those who had accepted the use of digital fakery, those who opposed to it,
and those who just did not care eitherway.
There only remains one step to mention to get to the point where we are
now at the time that I write this. (Which is the first month of 1998) There
are quite a number of artists (even some famous ones that get much respect)
that have practised so long on making a scanned image look hand drawn that
their lame efforts become almost undetectable. There is almost no way of
telling if the image is created through blood sweat and tears or the powers
of modern day technology. Usually an artist falsely accused of scanning
could prove his innocence by showing the 'work in progress' steps he had
saved along the way of the creation process. Now there are groups of
scanning people that backtrack their picture and create in between steps
from a retouched scan. Erasing certain parts to black, drawn a sketch line
here and there, you get the point. If people go to such lengths to cover up
their lies to steal away the respect people have from honest artists, then
the fun for me in the scene is over.
Another thing is that for many people the use of a scanner has become
so accepted that they see absolutely nothing wrong with the use of it.
Often their opinions is that art can be created in any way. This is
certainly true and I won't argue with that. But what I can't get out of my
mind is that this new media is so popular with people that have little or
no talent for drawing in the first place.
For me art is about two things: 1- The feeling of it. Making art is just
a very relaxing and (to me) rewarding feeling. And also a way to express
your feelings. And 2- The challenge of competing with other artists from
your genre. The challenge of trying to be one of the best, to create the
ultimate picture. Art becomes interesting when you can combine those two
things succesfully. I have yet to see a scan+retouch picture in the scene
that managed to capture those two things succesfully together.
If you happen to go and venture into new areas of creating art, fine,
but do it with honesty and determination to make something special of the
medium. Otherwise don't bother, cos you won't stand out of the bland and
grey majority. Art is something special, a bland and grey majority isn't!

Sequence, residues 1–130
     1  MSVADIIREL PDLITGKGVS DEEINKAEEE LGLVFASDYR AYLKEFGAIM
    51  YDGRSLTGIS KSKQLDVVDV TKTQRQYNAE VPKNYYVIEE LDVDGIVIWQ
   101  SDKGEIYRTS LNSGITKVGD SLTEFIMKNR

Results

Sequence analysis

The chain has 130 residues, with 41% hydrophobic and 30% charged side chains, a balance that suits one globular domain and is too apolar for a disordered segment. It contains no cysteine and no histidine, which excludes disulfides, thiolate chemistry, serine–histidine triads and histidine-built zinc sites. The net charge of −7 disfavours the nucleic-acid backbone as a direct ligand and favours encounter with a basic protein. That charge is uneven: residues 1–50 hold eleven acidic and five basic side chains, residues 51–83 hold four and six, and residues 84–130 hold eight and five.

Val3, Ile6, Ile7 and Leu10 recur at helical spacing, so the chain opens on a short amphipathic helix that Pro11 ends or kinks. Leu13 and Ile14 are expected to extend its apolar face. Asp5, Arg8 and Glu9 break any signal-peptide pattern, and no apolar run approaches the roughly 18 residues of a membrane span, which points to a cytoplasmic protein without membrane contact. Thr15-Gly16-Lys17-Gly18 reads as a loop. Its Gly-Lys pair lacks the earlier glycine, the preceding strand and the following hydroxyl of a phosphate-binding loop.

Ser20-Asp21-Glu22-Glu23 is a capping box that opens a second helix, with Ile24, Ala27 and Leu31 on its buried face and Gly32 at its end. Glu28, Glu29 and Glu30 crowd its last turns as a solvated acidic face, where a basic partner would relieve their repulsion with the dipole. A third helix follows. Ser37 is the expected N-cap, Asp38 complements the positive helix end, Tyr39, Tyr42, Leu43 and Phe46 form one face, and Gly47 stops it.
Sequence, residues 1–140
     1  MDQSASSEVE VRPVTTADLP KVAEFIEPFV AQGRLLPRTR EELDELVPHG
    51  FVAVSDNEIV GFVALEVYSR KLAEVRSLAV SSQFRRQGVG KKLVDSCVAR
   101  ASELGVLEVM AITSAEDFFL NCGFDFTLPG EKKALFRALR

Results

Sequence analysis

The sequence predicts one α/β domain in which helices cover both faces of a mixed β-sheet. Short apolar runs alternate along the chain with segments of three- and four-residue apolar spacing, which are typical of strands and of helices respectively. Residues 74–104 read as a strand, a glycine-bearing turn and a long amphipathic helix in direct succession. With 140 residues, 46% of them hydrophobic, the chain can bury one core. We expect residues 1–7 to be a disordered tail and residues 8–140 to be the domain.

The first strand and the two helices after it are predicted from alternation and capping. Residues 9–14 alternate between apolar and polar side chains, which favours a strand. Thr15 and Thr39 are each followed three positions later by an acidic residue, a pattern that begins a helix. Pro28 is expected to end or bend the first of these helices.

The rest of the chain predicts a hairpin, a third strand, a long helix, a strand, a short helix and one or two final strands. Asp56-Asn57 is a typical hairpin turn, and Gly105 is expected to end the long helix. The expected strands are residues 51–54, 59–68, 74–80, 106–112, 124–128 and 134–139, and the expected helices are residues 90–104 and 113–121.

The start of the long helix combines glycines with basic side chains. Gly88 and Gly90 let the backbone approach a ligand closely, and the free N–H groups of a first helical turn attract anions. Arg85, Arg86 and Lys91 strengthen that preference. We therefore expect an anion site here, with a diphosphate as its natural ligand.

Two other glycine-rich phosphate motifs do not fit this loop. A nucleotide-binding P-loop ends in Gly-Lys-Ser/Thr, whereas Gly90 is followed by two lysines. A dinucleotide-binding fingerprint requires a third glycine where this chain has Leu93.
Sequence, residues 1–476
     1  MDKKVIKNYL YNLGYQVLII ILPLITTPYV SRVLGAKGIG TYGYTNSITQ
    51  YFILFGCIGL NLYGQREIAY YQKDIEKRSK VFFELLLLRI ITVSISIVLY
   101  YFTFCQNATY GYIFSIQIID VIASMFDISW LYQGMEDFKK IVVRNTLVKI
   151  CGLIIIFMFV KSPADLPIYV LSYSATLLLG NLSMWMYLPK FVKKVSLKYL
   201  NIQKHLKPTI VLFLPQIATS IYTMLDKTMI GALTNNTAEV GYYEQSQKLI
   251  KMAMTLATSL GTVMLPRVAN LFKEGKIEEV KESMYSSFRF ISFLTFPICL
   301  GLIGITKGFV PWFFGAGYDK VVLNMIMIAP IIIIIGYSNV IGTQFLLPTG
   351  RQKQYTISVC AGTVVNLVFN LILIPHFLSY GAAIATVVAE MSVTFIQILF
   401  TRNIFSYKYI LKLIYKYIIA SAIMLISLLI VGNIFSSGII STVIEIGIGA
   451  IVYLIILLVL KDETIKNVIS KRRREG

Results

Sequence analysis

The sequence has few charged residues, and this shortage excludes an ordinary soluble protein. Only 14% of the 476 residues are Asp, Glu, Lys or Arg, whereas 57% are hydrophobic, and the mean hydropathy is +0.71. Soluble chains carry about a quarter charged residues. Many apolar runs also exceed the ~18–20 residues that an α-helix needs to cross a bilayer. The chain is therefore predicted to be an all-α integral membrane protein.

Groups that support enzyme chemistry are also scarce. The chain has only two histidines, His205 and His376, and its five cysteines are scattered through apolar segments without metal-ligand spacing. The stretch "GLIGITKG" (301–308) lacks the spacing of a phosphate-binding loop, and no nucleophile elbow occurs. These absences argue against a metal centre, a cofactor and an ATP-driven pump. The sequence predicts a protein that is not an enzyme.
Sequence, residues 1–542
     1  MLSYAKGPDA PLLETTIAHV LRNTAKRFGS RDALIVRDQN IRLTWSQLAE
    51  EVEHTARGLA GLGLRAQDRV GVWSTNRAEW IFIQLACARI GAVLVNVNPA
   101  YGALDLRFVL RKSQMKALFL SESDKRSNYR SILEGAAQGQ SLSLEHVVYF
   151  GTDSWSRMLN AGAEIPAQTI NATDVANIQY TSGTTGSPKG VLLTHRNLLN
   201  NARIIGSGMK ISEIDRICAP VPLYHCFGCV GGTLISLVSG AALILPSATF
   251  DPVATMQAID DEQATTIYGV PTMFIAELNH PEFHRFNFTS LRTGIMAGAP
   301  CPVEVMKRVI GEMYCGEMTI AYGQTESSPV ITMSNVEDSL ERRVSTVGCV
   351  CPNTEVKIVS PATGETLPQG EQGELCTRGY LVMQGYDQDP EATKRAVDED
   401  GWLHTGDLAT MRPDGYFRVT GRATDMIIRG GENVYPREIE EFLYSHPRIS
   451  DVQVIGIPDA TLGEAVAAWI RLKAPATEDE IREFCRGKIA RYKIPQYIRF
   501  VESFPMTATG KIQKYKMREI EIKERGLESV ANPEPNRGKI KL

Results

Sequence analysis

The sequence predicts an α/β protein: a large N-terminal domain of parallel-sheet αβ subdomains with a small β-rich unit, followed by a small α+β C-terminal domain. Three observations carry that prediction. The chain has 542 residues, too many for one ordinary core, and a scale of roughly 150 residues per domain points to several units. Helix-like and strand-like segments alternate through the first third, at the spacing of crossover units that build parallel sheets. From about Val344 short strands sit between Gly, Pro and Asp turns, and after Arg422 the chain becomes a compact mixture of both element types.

Scanning in photos of people and doing some weird things here and there
and run some filters over it may feel good, and allow you to express your
feelings, but it isn't special, it doenst take true determination, anyone
can do it that way. Scanning in photos and draw on top of them, or retouch
it into a handdrawn look and claim you drew it MIGHT require a LITTLE form
of talent, but it isn't honest, and could therefor not feel good. You only
fool yourself in the end.
What people ALWAYS seem to forget is that art can come in so many diffirent
ways. Even with using scanners. However I have yet to see a picture that
was scanned and pasted and filtered etc. together that sets a standard
unreachable by others. And that's why I don't take this medium serious.
All this, that I have just desribed is so clear to me and somehow it
seems to be so UNclear to the scene. There is so much debate going on about
this, so much misunderstanding, so much lying, cheating and basically
downright crap pictures being made, that this outweighs the fun and good
things there are about the scene.
I did my best to come up with quality pictures, to set new standards for
the scene. I know quite a lot of people enjoy me efforts, however more and
more often get attacked on IRC by scene-newbies just fresh from a visit to
the no-copy? page. Telling me I'm a fake, that I scan and that I'm no real
artist. Considering the many many hours I've spend drawing my graphics for
the scene, this downright hurts. So naturally I try and defend myself.
However the moment I engage in a conversation with these people to try and
let them know they're wrong, they tell me I MUST be guilty because 'the